An Ottawa advisor is offering key ideas to ensure clients achieve success as ETFs other high-yield investments increase their appeal for clients.
Robert Roby is not only a Wealth Professional Awards finalist but a big fan of dividend-paying stocks. He likes ETFs and anything else that delivers above-average income while minimizing risk.
There are three key items, Roby believes, that need to be taken into consideration when choosing dividend investments.
- Determine what the dividend payout ratio is. Anything over 60 per cent we find as potential problems for future growth issues, says Roby;
- Select stocks within the five major sectors of the market; and
- If considering ETFs look for funds that invest in the Dividend Aristocrats, Dividend Challengers or Dividend Champions. While he didn’t recommend specific funds you can probably figure out some of the names of these funds pretty quickly. Also, there are funds that grade every holding in a portfolio based on the payout ratio which is then used to come up with an overall grade for the fund itself.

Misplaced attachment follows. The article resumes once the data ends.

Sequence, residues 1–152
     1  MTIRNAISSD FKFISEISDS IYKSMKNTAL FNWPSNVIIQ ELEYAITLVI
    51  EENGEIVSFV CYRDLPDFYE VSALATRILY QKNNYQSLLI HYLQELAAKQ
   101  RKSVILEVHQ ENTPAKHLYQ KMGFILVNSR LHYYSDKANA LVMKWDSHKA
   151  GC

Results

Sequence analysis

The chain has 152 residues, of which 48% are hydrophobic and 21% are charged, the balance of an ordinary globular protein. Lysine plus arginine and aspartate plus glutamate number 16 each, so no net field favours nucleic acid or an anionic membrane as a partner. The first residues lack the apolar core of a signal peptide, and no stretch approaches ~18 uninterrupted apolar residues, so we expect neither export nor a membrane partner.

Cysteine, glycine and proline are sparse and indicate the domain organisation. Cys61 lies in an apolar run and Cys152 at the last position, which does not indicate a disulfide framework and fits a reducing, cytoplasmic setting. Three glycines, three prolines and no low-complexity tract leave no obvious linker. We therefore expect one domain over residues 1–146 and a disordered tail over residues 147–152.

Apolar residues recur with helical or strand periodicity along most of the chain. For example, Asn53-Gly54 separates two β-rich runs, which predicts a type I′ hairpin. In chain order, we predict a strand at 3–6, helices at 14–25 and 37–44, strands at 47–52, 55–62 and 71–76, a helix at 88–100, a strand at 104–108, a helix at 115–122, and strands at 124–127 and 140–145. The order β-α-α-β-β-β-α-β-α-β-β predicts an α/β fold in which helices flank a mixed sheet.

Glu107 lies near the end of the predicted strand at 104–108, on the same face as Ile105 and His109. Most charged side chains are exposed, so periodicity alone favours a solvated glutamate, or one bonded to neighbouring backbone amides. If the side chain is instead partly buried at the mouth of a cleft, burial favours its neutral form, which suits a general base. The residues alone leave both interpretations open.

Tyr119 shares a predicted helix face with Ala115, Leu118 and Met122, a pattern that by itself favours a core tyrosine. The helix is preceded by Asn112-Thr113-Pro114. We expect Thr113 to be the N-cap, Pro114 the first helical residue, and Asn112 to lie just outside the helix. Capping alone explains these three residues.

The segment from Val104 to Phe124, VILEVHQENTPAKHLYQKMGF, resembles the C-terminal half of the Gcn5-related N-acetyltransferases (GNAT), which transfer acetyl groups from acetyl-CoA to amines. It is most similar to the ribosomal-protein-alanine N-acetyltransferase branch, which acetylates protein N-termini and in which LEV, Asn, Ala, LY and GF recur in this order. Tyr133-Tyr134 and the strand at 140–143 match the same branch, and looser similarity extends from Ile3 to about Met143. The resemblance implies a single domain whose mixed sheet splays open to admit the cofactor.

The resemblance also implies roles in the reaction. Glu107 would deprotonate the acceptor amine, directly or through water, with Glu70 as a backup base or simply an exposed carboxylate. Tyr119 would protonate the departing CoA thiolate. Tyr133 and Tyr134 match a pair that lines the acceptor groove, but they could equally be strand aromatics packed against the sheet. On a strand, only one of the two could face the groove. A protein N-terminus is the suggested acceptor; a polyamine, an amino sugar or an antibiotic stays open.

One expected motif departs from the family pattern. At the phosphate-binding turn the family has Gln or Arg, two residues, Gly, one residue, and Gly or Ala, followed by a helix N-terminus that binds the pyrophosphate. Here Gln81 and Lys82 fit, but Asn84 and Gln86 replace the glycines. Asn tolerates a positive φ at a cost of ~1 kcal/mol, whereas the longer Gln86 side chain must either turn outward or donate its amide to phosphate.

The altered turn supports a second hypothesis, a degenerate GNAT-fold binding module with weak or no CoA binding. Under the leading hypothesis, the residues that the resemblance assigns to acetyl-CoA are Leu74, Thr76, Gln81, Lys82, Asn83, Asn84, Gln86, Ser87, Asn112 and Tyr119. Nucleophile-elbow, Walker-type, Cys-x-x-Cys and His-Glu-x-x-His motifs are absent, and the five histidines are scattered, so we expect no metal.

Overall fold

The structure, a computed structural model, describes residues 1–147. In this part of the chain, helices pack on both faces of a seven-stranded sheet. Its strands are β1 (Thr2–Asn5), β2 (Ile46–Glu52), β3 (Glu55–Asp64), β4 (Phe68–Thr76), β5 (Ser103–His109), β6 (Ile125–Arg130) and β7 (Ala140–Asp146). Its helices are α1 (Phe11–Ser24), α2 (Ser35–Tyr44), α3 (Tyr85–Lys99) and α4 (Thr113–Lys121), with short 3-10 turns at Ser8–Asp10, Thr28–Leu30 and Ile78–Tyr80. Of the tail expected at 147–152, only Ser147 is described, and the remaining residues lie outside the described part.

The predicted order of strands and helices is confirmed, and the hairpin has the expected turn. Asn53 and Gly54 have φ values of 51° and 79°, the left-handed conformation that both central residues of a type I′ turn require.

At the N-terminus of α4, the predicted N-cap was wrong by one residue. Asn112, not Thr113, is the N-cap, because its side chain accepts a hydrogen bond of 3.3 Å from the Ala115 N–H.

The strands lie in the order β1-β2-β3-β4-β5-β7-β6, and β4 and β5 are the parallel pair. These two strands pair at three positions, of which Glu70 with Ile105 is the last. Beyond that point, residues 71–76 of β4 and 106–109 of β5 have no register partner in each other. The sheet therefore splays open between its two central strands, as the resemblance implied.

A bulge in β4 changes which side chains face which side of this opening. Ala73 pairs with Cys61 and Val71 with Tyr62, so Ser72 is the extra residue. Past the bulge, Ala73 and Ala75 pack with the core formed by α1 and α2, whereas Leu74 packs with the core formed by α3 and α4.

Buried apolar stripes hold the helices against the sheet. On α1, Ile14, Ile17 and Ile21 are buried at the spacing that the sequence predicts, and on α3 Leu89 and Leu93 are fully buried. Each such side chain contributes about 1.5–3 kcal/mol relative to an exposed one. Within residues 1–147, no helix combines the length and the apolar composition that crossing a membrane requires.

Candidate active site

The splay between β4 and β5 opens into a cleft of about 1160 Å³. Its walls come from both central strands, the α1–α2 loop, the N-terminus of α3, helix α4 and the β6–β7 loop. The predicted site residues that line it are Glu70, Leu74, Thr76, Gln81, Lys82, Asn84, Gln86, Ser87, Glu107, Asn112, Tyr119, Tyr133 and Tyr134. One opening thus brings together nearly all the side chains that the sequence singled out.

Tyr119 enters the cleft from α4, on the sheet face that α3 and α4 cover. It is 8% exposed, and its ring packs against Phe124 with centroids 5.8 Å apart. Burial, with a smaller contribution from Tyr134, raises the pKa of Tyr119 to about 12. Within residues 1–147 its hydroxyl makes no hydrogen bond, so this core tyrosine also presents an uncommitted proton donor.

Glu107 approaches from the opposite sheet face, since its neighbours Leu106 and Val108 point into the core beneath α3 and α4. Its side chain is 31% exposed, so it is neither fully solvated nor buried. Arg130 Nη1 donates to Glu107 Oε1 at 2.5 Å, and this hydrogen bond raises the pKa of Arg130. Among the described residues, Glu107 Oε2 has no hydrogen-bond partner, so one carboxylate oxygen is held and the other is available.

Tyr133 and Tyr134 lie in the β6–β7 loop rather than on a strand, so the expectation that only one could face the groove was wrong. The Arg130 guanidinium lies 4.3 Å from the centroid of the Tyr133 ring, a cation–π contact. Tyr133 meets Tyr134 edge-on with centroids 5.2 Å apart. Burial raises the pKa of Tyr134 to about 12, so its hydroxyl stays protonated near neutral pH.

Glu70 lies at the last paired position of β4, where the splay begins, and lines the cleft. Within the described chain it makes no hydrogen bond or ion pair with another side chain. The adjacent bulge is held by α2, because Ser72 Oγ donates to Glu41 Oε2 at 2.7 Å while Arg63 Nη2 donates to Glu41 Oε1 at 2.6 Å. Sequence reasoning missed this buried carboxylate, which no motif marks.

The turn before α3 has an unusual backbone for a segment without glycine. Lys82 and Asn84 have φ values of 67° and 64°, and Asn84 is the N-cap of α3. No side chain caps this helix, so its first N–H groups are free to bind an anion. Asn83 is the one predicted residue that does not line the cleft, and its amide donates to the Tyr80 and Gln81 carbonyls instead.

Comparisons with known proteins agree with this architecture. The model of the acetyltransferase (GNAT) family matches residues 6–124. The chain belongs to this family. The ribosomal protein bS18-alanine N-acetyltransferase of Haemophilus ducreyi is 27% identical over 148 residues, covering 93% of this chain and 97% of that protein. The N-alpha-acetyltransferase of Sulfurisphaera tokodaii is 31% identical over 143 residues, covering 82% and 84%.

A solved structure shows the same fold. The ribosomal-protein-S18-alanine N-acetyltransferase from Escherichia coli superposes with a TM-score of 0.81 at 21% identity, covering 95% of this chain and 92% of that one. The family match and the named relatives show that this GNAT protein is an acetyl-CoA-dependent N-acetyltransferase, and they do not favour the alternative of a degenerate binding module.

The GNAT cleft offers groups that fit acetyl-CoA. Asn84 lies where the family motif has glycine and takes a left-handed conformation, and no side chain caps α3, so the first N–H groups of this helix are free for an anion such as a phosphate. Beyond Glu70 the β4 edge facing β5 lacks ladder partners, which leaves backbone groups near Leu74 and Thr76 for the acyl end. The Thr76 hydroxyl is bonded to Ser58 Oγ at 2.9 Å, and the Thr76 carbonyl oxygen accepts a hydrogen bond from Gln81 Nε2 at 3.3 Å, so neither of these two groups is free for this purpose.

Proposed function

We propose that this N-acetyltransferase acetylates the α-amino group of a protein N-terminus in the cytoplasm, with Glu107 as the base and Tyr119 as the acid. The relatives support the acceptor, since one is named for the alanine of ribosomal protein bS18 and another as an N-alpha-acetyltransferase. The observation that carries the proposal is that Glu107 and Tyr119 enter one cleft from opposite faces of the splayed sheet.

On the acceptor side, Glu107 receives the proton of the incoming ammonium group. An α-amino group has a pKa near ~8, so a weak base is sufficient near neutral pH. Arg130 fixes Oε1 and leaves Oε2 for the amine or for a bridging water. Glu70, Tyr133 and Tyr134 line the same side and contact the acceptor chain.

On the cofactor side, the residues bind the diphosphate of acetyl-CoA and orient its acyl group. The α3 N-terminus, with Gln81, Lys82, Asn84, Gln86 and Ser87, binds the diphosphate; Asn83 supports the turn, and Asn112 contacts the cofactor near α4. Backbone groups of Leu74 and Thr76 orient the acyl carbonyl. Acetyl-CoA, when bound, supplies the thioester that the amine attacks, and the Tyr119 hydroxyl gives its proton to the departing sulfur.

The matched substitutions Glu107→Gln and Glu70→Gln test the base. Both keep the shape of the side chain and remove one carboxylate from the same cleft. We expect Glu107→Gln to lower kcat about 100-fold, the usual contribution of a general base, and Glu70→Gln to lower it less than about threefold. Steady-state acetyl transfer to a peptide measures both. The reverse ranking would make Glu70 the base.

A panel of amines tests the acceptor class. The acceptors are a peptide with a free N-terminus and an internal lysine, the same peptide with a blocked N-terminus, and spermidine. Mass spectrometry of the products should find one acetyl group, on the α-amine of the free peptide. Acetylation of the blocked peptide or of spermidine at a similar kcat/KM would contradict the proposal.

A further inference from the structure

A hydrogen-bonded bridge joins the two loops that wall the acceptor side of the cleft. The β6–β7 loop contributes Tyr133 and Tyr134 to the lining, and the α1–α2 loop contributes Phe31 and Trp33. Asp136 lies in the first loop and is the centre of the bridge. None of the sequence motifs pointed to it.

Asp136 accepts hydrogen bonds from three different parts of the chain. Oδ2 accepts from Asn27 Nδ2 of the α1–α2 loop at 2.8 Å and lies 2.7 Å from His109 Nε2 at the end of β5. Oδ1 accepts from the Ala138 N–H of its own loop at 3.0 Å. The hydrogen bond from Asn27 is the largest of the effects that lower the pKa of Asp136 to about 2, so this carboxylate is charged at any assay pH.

While you want companies that pay out a minimum of their annual net income you also want to be careful about those businesses that pay out too much because future growth can’t happen without the investment of capital. So, above 60 per cent starts to inhibit a company’s growth if done over an extended period of time. It chokes the lifeblood of any business.
When it comes to the five major sectors of the market it can be what you decide are the most important. In Canada that clearly includes financial services and energy.
When it comes to the Aristocrats, etc., Roby believes the 3 baskets achieve superlative diversification without compromising correlation.
Now, if you’re using stocks, Roby has three recommendations.
1. Johnson and Johnson. It’s a great demographic stock.
2. TD Bank or Bank of Nova Scotia. Solid growth and great dividends.
3. Apple. It has an excellent PE ratio and growing dividend payout that’s a sure thing.
“Choose dividend stocks that offer potential for growth," Roby suggests.
"Dividends are responsible for over 90 percent of the stock market gains historically," says the veteran advisor. "Why don't more advisors go,this route. Too boring ...holding stock for 30 years is not profitable to the brokerage."